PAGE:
- Line sweeping : This test measures the signal losses and reflections within a transmission system over the band of interest. It is not able to look at passive intermodulation products, although it may detect that there is a poor connection which in turn may introduce PIMs, although it cannot detect whether any passive intermodulation is present.
- PIM testing: PIM testing specifically looks for the presence of passive intermodulation products within the item under test. It cannot detect losses or reflections.
It can be seen that the two types of test are very different, although they test similar areas of a radio transmission system. If passive intermodulation needs to be tested then a PIM tester is required.
PIM testers or analyzers are sophisticated forms of test equipment. While a PIM test system can be assembled from signal generators and a spectrum analyser together with a few other components, specialised PIM testers are often needed because testing is undertaken in situations such as cellular base station sites, etc.
A basic block diagram of a PIM tester is shown below.
The block diagram shows a typical passive intermodulation test system. In the PIM tester two signals at the relevant frequencies are generated and then amplified to ensure that they are of a sufficiently high level for the test.
The signals are combined - in many testers an RF isolator may be used to prevent reverse RF power from the combiner entering the signal generator and causing spurious intermodulation products in the signal generator output that would alter the readings.
The two signals from the signal generators simulating the transmitted signals are then applied to a diplexer within the PIM tester. This only allows signals through from the transmitter in the transmit band to the unit or component under test, e.g. a feeder, feeder assembly, etc. The item under test is terminated in a matched load - typically 50Ω to ensure a lifelike simulation.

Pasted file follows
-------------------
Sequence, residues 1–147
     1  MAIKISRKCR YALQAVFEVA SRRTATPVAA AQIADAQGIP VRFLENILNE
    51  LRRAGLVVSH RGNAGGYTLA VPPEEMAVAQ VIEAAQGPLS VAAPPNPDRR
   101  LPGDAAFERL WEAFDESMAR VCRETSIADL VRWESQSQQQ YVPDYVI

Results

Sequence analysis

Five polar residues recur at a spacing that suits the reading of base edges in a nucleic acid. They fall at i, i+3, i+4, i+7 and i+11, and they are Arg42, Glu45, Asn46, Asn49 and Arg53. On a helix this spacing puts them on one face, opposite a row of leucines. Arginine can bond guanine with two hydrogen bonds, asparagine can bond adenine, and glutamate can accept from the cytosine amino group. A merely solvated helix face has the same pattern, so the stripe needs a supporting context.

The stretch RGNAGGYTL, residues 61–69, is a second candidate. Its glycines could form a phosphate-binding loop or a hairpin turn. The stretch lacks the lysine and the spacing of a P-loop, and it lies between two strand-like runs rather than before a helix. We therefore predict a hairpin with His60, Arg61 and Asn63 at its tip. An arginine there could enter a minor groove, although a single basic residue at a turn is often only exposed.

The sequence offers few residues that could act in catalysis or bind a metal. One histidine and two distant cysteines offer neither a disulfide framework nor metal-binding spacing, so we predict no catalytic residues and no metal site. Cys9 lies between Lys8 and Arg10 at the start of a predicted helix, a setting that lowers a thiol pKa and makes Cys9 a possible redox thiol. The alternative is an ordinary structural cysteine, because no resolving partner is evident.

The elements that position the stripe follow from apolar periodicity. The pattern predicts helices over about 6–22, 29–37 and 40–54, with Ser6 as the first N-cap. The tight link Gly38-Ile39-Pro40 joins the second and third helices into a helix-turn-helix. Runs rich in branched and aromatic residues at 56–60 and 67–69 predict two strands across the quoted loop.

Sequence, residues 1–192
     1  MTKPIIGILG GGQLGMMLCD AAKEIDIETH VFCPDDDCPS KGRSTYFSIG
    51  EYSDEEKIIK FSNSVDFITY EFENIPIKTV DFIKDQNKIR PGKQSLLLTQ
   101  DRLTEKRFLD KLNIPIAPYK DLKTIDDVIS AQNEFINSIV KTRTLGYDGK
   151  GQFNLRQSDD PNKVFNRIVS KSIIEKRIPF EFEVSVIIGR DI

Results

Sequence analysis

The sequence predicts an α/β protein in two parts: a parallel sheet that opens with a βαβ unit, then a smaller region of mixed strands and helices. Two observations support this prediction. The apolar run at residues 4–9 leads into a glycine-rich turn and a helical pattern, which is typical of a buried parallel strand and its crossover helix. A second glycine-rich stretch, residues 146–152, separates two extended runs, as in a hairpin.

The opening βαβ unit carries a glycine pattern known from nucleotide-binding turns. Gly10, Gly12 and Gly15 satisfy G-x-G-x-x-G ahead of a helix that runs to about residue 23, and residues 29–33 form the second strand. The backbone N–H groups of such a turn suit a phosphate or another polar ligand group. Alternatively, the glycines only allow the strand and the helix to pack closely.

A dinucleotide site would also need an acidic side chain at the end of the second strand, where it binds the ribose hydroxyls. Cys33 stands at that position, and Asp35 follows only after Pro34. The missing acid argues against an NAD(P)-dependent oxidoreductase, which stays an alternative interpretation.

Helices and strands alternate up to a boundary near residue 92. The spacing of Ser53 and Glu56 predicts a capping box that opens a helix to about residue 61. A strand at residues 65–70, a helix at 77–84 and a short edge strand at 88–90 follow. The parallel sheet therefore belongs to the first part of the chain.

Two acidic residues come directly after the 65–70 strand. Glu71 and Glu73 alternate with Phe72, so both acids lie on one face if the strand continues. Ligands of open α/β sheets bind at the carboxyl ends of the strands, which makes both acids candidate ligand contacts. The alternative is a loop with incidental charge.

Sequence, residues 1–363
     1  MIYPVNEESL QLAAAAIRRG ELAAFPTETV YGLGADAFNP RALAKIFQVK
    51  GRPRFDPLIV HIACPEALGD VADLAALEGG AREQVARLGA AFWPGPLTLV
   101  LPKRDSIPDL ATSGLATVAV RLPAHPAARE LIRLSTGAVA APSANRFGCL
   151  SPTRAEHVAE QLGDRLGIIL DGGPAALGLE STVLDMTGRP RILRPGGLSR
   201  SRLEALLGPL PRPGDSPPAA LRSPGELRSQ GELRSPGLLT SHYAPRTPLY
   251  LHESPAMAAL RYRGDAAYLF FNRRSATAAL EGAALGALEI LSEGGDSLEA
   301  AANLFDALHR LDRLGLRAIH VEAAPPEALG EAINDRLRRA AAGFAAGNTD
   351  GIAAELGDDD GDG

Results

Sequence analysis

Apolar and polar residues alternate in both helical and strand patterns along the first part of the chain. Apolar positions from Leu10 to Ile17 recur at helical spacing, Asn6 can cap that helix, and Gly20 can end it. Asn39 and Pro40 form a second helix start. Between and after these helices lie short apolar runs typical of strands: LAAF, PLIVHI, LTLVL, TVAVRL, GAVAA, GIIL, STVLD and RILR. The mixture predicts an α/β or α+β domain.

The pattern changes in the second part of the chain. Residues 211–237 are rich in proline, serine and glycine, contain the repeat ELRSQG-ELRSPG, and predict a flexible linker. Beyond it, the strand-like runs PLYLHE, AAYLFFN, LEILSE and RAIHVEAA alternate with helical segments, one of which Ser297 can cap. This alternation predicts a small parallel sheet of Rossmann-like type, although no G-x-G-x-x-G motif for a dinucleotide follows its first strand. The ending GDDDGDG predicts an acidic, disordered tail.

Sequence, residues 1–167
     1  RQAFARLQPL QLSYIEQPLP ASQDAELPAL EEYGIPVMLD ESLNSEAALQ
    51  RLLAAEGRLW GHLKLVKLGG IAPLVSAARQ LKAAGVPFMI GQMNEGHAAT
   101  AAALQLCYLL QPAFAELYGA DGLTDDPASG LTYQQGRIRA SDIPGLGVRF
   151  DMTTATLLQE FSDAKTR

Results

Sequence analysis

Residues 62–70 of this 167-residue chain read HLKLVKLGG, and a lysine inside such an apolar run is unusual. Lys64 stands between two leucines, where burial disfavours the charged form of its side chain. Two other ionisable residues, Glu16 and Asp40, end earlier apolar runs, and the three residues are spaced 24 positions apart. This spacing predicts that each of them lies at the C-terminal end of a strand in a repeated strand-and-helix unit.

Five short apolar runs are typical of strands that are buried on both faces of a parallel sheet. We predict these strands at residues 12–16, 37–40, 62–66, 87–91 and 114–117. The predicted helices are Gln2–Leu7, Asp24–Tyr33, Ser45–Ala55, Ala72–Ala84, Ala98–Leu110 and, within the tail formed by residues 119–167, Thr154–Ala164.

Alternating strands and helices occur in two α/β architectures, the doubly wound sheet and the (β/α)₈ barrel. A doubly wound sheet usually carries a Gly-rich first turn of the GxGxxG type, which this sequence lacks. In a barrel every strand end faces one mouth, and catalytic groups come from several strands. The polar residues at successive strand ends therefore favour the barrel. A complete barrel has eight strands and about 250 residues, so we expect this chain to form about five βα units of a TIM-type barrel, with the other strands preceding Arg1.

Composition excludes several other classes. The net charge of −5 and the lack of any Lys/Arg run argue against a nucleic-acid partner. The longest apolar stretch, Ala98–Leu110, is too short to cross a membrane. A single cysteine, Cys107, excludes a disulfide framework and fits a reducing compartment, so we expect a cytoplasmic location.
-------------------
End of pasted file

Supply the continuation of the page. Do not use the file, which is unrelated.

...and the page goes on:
Any PIM spurious signals generated within the receive band will be able to return through the diplexer and be routed through to the receiver / detector where they can be detected and their levels and frequencies noted. [The frequencies of the PIM signals will be known because they are related to the two original frequencies of the signal generator frequencies, f1 and f2 as n⋅f1 ± m⋅f2.
Passive intermodulation testing
Passive intermodulation testing often requires to be undertaken in the field. Engineers may even need to be up cellular base stations or in other difficult locations.
As a result, PIM testers must be designed to be operated with the minimum of intervention. They must be ergonomically designed and require a minimum amount of set up, especially for applications where engineers may be up towers.
More Essential Radio Topics:
Radio Signals Modulation types & techniques Amplitude modulation Frequency modulation RF mixing Phase locked loops Frequency synthesizers Passive intermodulation RF attenuators RF filters Radio receiver types Superhet radio Radio receiver selectivity Radio receiver sensitivity Receiver strong signal handling